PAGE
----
Belgium extends recognition of Covid-19 as occupational disease

Belgium extends recognition of Covid-19 as occupational disease
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All employees – not just those in the healthcare sector – who contracted Covid-19 after an outbreak at work can now also apply for compensation, the Federal Government decided last Friday evening at the Council of Ministers.

The regulation covers all employees from the private sector as well as from municipal or provincial institutions. They can register with Fedris (the Federal Agency for Occupational Risks), and those who are recognised are entitled to reimbursement of medical costs, such as hospitalisation fees, and compensation for lost wages.

The scheme is retroactive to 18 May 2020 and will continue until at least the end of the year, “but can be extended by the government,” according to a Fedris press release.

For workers who were absent for more than 15 days due to a coronavirus infection, Fedris will reimburse up to 90% of their basic wage.

Up until now, Covid-19 was already recognised as an occupational disease for healthcare workers, as their job put them at an increased risk to be infected. In the past few months, more than 20,000 applications from the healthcare sector have been received, almost 85% of which have been accepted, reports De Standaard.

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Now, the government is also opening the doors to other workers, on the proposal of the Federal Minister of Social Affairs and Public Health Frank Vandenbroucke.

However, strict conditions still apply: at least five people must have tested positive within a two weeks on the same shop floor, and they must also have shared the same workspace. However, these five people do not all have to be employees. “They can also be customers or suppliers, for example,” said Fedris.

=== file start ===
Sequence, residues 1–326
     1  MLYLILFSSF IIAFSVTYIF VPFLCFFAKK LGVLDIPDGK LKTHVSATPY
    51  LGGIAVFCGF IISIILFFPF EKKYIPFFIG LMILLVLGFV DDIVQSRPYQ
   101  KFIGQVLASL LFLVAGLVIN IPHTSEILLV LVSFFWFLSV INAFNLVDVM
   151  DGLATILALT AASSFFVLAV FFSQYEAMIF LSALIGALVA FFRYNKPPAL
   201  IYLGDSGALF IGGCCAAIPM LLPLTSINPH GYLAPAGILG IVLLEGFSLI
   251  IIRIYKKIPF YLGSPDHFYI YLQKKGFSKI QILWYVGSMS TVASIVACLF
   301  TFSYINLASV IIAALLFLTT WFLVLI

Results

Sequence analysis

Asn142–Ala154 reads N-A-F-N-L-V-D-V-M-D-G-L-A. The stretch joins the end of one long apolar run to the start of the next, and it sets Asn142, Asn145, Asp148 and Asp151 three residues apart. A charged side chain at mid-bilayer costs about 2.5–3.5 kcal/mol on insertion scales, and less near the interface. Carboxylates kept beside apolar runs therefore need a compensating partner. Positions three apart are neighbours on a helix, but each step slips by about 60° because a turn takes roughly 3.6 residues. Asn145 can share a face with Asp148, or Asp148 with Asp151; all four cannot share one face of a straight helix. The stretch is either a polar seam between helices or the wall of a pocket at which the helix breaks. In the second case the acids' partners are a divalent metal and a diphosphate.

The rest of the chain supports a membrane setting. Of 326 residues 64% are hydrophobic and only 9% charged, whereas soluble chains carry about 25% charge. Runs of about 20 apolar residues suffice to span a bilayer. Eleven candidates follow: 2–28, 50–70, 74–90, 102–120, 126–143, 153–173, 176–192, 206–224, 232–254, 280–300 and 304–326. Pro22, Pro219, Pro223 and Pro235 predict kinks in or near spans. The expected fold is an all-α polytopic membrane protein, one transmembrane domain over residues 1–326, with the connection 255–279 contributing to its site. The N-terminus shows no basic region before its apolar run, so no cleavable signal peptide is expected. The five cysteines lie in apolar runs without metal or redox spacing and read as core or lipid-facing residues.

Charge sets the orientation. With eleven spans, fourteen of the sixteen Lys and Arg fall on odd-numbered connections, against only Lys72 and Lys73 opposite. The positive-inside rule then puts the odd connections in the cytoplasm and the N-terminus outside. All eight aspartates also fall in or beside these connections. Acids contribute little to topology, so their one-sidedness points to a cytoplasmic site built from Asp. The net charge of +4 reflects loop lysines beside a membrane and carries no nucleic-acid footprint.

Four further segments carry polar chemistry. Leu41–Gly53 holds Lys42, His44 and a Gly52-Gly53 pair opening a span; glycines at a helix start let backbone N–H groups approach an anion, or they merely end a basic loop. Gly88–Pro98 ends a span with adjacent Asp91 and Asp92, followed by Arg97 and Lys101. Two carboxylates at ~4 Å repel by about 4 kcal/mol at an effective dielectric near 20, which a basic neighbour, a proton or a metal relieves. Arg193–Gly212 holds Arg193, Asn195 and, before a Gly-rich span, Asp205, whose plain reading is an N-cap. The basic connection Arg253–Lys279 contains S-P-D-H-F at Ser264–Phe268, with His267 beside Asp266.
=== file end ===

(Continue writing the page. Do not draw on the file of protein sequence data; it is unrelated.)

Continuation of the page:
Additionally, the working conditions must have facilitated the transmission of the virus (for example, difficulty in keeping a distance), and there must be an epidemiological link between the five infections. “In other words, the infected people must have crossed paths with each other.”

The limit of five infections “is a bit arbitrary,” said Vandenbroucke in the Committee last month, adding that he did think it was a correct way to justify the link between the illness and work. “You have to set a certain limit somewhere in there. We could have used four or six infections as a value, but we chose five.”

Those who think they are eligible can now submit an application through their occupational physician, but it could still take some time before the recognition and payment will happen. Fedris already indicated that the average processing time of a Covid file is at least twice as long as expected: processing can take as long as six months.

Additionally, the time required for the recognition of other occupational diseases has also increased due to the large number of applications.

What to do to get recognition?

If you were infected at work after 18 May 2020, you can contact your occupational physician (company doctor) to make a certificate.

The certificate must show that at least five confirmed Covid-19 infections took place within two weeks in the same working area.

Send the certificate to Fedris, together with your positive Covid-19 lab test, an administrative form and a medical form to be completed by a doctor.


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